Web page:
Therefore, merely because they were not parties they cannot make any grievance particularly when the directions given were with a view to shorten litigations and to effectuate the ultimate purpose for which the notifications were issued and were intended to give full effect to the earlier decisions of the High Court.

We find that the writ petitioners had not questioned the selection of the persons who are affected by the High Court's impugned order. They were not applicants before the Tribunal. On the contrary they questioned correctness of the view expressed by the Tribunal allowing the original applications filed by some of the respondents. Therefore, the subject-matter of adjudication before the High Court could not have been enlarged by the High Court at the instance of the writ petitioners.

In V.K. Majotra v. Union of India (2003 (8) SCC 40) this Court observed as under:

"....Counsel for the parties are right in submitting that the point on which the writ petition has been disposed of was not raised by the parties in their pleadings. The parties were not at issue on the point decided by the High Court....." In State of Maharashtra v. Jalgaon Municipal Council (2003 (9) SCC 731) this Court at page 757 observed as under:

"..In the absence of any challenge having been laid, the constitutional validity of the amendment cannot be gone into....." Recently, in The President, Poornathrayisha Seva Sangham, Thripunithura v. K. Thilakan Kavenal & Ors. (2005 (2) SCALE 1) in para 9 it was observed as under:

"Above being the position, we feel that nothing further remains to be done in this appeal except noticing that certain observations made, as regards the functioning of the appellant-society and its credibility were unnecessary. For the purpose of adjudication of the dispute before the High Court which only related to the permission granted to use Oottupura, other observations and views expressed by the Division Bench are, therefore, treated as inoperative.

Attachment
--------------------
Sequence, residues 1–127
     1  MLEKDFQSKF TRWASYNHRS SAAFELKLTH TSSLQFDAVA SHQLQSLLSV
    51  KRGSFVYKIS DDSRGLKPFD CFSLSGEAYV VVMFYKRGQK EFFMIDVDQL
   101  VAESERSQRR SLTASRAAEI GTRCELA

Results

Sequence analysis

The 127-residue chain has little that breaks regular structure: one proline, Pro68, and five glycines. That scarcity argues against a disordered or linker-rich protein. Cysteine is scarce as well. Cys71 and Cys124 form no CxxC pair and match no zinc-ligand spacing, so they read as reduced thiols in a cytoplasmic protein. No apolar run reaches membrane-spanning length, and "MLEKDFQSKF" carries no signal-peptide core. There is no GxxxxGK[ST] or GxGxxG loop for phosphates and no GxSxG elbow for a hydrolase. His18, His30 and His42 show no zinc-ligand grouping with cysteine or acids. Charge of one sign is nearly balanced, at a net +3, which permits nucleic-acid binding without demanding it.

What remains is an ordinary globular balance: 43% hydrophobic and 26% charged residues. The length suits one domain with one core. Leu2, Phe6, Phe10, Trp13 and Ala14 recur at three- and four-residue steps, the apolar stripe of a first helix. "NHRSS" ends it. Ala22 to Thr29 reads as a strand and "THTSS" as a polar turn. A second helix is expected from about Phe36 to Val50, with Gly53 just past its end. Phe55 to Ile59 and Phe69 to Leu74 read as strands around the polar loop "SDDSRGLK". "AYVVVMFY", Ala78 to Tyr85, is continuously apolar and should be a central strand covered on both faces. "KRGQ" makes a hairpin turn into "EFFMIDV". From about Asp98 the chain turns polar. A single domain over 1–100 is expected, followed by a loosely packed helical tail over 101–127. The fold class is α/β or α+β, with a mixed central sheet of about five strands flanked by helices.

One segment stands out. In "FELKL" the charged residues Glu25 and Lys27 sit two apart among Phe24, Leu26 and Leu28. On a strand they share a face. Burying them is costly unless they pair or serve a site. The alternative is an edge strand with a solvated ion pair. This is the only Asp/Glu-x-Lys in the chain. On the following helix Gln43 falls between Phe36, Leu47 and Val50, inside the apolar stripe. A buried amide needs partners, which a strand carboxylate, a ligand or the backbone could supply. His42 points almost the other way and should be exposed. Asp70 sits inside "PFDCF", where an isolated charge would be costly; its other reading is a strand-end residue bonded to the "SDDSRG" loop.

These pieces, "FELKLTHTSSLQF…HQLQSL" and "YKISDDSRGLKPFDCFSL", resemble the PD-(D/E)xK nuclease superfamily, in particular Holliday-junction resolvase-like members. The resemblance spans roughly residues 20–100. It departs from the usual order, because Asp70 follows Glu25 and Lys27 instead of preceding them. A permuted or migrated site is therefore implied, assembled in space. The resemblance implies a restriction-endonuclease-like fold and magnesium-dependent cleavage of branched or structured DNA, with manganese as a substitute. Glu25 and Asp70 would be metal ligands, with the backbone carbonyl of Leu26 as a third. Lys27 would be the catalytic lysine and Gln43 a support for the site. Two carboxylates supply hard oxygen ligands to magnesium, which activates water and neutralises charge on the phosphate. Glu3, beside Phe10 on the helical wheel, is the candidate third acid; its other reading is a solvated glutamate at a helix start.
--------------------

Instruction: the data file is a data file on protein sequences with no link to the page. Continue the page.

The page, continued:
Since disputed facts were involved, the High Court should not have gone into them even in respect of the primary grievances of the writ petitioner".

The aforesaid position was recently highlighted in Secretary to the Govt. and Another v. M. Senthil Kumar (2005 (3) SCC 451).

Therefore, the direction given for filing affidavits and the consequential action to be taken thereon cannot be maintained and are vacated. We make it clear that we have not expressed any opinion on the correctness or otherwise of the view expressed by the High Court. We have interfered only on the ground that such an issue was not before the Tribunal and nobody had questioned in this regard before the Tribunal. It is pointed out by learned counsel for the appellants that some of them have got employment elsewhere and have no interest in those appeals. The appellants shall file a list of such persons before the concerned authorities within three weeks from today. The cases of all those who are eligible shall be considered in respect of the consequential vacancies. Cases of the respondents shall be taken up on the basis of their merit to decide whether they can be appointed.

The appeals are accordingly disposed of with no order as to costs.